Increasing test specificity without impairing sensitivity: lessons learned from SARS-CoV-2 serology.
Perkmann T., Koller T., Perkmann-Nagele N., Ozsvar-Kozma M., Eyre D., Matthews P., Bown A., Stoesser N., Breyer M-K., Breyer-Kohansal R., Burghuber OC., Hartl S., Aletaha D., Sieghart D., Quehenberger P., Marculescu R., Mucher P., Radakovics A., Klausberger M., Duerkop M., Holzer B., Hartmann B., Strassl R., Leitner G., Grebien F., Gerner W., Grabherr R., Wagner OF., Binder CJ., Haslacher H.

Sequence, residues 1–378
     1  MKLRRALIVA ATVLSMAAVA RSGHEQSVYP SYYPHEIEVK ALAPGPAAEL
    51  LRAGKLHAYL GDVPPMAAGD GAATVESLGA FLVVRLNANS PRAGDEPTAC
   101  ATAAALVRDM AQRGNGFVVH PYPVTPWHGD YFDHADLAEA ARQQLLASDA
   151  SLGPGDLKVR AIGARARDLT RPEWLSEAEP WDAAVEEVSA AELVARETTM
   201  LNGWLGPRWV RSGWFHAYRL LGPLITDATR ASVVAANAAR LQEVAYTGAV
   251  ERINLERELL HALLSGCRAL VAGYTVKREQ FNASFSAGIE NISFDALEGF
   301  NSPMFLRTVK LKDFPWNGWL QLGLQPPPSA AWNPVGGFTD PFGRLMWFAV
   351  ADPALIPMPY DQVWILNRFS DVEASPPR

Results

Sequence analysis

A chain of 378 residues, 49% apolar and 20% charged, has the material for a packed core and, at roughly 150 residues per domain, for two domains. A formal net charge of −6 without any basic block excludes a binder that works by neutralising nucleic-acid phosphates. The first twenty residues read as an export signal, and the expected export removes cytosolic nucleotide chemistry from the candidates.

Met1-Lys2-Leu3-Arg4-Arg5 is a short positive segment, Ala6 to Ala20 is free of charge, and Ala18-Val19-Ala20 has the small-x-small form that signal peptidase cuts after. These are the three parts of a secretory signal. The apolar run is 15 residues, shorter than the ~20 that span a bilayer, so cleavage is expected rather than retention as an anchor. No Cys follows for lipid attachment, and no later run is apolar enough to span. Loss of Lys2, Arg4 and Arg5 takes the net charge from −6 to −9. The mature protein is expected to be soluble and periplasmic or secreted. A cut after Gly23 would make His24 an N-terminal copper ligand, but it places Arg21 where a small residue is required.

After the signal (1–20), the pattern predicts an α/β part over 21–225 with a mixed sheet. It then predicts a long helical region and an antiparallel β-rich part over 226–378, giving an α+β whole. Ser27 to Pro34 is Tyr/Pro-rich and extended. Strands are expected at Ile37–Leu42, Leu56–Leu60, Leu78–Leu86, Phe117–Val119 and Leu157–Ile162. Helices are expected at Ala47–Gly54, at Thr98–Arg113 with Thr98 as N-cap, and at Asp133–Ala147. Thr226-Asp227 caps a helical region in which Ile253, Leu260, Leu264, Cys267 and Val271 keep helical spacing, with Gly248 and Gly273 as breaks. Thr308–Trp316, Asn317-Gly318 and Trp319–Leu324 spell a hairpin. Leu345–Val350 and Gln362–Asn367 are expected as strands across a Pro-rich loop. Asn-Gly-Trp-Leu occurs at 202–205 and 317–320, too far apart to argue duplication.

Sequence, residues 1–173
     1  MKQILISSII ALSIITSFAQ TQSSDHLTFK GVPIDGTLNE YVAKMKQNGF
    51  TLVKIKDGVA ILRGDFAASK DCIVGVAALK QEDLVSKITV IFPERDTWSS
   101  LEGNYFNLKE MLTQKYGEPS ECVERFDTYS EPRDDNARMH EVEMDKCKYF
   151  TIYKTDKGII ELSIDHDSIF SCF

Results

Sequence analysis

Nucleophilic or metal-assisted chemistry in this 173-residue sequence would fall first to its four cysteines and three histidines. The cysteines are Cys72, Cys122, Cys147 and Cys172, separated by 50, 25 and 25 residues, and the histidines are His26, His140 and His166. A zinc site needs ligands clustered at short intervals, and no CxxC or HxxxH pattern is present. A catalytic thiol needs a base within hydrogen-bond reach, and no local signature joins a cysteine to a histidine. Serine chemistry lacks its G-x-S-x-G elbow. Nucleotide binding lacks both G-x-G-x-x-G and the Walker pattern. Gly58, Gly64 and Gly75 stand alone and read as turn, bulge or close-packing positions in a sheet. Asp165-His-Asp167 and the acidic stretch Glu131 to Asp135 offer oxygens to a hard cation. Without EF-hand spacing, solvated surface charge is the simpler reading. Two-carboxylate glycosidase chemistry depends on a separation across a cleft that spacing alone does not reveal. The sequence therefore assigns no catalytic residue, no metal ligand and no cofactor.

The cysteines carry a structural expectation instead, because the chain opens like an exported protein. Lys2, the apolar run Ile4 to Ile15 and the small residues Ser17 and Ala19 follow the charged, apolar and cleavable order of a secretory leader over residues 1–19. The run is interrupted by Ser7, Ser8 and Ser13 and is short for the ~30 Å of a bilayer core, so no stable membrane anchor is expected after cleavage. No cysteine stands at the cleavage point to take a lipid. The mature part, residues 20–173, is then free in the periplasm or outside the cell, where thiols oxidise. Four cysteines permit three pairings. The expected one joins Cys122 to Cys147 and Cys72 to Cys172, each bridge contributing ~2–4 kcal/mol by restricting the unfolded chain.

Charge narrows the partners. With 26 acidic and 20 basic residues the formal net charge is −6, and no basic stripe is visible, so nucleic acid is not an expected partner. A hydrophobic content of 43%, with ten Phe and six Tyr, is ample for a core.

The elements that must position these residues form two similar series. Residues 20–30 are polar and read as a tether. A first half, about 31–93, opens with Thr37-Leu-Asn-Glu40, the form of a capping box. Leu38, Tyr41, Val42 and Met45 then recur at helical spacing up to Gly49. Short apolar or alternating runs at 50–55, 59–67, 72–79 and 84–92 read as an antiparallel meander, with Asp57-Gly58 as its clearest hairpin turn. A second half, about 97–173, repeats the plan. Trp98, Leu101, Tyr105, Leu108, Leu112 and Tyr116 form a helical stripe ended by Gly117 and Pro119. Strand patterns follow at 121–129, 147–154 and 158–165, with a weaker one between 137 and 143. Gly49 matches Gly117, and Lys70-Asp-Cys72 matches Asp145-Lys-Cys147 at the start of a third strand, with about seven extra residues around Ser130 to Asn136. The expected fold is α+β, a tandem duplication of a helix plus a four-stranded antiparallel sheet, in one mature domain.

BackgroundSerological tests are widely used in various medical disciplines for diagnostic and monitoring purposes. Unfortunately, the sensitivity and specificity of test systems are often poor, leaving room for false-positive and false-negative results. However, conventional methods were used to increase specificity and decrease sensitivity and vice versa. Using SARS-CoV-2 serology as an example, we propose here a novel testing strategy: the 'sensitivity improved two-test' or 'SIT²' algorithm.MethodsSIT² involves confirmatory retesting of samples with results falling in a predefined retesting zone of an initial screening test, with adjusted cut-offs to increase sensitivity. We verified and compared the performance of SIT² to single tests and orthogonal testing (OTA) in an Austrian cohort (1117 negative, 64 post-COVID-positive samples) and validated the algorithm in an independent British cohort (976 negatives and 536 positives).ResultsThe specificity of SIT² was superior to single tests and non-inferior to OTA. The sensitivity was maintained or even improved using SIT² when compared with single tests or OTA. SIT² allowed correct identification of infected individuals even when a live virus neutralisation assay could not detect antibodies. Compared with single testing or OTA, SIT² significantly reduced total test errors to 0.46% (0.24-0.65) or 1.60% (0.94-2.38) at both 5% or 20% seroprevalence.ConclusionFor SARS-CoV-2 serology, SIT² proved to be the best diagnostic choice at both 5% and 20% seroprevalence in all tested scenarios. It is an easy to apply algorithm and can potentially be helpful for the serology of other infectious diseases.